There is no doubt that the building blocks are in place for Tennessee, and Mike Vrabel’s first year as head coach should be seen as a success with the team navigating their way through a tough season, particularly in terms of injuries (Conklin, Logan Ryan, Jurrell Casey, Johnathan Cyprien, the list went on.…). It was notable that the team improved as the season went on and the wins against the likes of the Patriots and Cowboys appeared to give them belief they could make the playoffs – the four wins down the stretch almost put them through and, but for the Colts resurgence, the Titans could have certainly proved a nuisance to the other playoff sides in the AFC.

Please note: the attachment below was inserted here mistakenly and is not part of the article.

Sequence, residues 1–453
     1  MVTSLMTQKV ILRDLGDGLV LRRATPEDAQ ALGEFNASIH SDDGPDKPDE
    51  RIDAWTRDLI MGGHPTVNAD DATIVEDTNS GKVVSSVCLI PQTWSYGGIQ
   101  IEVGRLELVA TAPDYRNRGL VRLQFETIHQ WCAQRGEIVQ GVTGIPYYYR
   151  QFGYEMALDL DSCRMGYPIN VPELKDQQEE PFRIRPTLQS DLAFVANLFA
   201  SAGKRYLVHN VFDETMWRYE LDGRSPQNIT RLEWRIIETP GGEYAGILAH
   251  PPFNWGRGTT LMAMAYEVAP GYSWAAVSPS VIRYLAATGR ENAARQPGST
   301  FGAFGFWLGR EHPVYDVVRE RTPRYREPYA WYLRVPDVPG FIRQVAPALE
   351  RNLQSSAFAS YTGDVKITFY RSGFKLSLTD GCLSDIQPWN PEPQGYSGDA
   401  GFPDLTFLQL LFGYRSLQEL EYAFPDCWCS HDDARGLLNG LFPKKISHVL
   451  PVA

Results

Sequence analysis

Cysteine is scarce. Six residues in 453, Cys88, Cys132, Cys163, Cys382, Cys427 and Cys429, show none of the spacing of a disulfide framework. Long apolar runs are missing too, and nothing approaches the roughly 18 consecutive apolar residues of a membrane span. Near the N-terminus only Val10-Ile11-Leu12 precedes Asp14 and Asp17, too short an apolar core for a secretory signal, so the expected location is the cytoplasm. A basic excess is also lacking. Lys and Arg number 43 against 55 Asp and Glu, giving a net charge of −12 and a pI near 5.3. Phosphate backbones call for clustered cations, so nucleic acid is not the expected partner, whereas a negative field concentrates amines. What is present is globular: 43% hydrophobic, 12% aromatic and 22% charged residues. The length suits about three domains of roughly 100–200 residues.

If GM Jon Robinson and HC Mike Vrabel can make those incremental improvements to the roster then the Titans should rise in 2019 to compete strongly for the AFC South title.

Mark or MJ has turned his love of the NFL into sharing his thoughts and opinions on twitter @47yards and on 47yards.blog – He has been a New York Giants fan since their Super Bowl wins in 1986 and 1990 (47 yards is a reference to the distance Scott Norwood missed from in 1990 for the Bills – sorry Bills fans). He enjoys all things NFL and has extended that enjoyment to College football of late, following Ohio State. He is loving seeing the growth of the NFL fan base in the UK and finds September to February is the best part of the year!

Image credit: Mark Zaleski/AP